How many heart and thumbs up icons have you given this morning, before you even brushed your teeth? How many people “liked” your posts? Or better yet, how many times have you opened your Instagram app to see who has?
We like a lot on social media. It can be a positive thing, but we shouldn’t overestimate the value of hitting the “like” button.
One morning I found myself “liking” one of my friend’s post, without even checking out what it was. My brain seemed to send an I-like-you-so-I-like-your-post–signal to my index finger, and, before having a closer look, my heart was there. Oops.
Okay, giving someone a virtual thumbs up without thinking is not the worst thing you can do to a human being. It made me wonder how much we really value virtual hearts and thumbs up.
It feels great when people like what we do. It can motivate us to continue sharing our work, accomplishments, or whatever it is we’re doing. “Liking” on social media is a way to show support.
However, the lack of approval on posts can also make you insecure, doubt the things you do, even keep you from sharing your stuff and the things you like, or make you overthink certain posts.
Of course, we all, hopefully, know that the number of “likes” doesn’t necessarily say something about quality. It’s easy to fall in the trap of overestimating the value of other people’s approval when we put ourselves out there.
To avoid getting stuck in the trap, it is good to question the importance of the hearts and thumbs. Is a “like” still that important when it comes from a person who only clicks your post because he or she wants more followers, from a fake account or a vague friend who likes every single post without really looking at it?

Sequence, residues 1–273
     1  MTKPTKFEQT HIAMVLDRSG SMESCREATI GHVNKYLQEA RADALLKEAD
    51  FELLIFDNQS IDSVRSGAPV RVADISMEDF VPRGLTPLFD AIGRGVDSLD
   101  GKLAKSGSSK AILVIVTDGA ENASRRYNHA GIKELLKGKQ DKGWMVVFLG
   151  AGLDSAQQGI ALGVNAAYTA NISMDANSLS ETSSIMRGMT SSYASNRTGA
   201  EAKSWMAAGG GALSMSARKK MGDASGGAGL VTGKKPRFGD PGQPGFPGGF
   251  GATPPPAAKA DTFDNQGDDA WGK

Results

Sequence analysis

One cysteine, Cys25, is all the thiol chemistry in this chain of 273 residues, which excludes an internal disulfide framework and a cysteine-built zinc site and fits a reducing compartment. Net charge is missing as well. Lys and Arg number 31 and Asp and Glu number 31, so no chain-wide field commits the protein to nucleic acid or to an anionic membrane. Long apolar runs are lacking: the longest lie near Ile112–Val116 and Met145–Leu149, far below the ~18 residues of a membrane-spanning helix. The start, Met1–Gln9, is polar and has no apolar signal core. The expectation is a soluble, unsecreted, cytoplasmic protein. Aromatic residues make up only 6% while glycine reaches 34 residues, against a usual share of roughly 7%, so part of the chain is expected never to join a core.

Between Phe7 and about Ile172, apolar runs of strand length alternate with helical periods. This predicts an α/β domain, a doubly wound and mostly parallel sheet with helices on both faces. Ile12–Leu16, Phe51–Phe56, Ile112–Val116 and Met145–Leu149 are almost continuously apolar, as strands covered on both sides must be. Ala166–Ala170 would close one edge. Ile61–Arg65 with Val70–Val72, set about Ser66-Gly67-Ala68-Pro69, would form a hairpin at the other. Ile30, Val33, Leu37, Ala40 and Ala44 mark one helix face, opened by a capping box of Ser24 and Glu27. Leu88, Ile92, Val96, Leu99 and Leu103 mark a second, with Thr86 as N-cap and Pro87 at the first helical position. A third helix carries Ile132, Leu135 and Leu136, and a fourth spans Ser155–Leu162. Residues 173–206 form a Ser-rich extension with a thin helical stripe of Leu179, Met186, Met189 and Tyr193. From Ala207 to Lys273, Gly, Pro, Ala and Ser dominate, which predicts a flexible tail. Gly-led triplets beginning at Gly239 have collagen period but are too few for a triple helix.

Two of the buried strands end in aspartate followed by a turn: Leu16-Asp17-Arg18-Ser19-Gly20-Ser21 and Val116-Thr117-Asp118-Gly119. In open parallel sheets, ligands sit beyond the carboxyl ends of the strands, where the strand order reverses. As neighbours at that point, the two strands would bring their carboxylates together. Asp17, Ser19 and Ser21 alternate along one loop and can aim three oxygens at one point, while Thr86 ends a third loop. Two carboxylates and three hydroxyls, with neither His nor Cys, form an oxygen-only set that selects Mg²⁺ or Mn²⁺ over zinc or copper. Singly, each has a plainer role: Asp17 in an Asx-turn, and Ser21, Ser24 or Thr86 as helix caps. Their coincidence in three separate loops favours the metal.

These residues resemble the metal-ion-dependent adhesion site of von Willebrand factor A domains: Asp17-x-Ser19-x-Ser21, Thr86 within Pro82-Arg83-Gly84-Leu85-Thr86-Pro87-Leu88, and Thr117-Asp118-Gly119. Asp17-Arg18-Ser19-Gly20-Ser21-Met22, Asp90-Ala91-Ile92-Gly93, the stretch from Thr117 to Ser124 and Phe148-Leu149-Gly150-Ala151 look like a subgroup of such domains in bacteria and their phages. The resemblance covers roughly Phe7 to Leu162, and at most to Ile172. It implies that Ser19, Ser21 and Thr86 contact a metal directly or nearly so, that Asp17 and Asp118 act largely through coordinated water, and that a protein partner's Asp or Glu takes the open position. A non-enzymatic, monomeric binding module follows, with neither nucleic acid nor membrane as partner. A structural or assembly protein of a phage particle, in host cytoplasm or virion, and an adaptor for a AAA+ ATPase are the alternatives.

To be honest, I don’t know.
Imagine someone loves what you are doing, but for some reason he or she doesn’t show it by liking your post (you might have more secret fans than you are aware of).
We also shouldn’t confuse “liking” with caring. “Likes” can help create awareness for a good cause, but liking a post about cancer research is not the same as donating money for research or working as a volunteer to raise money.
So, let’s keep on embracing our little heart and thumbs up icons, but don’t forget there are also other ways to support. Tell that friend over coffee you love her photography. Buy an illustration of that artist you found on Instagram. Do some voluntary work instead of leaving hearts under articles about good causes.
Try to keep it real. Hit “like” because you really do like something, not because you want to be liked.
Last but not least: like the things you do yourself.
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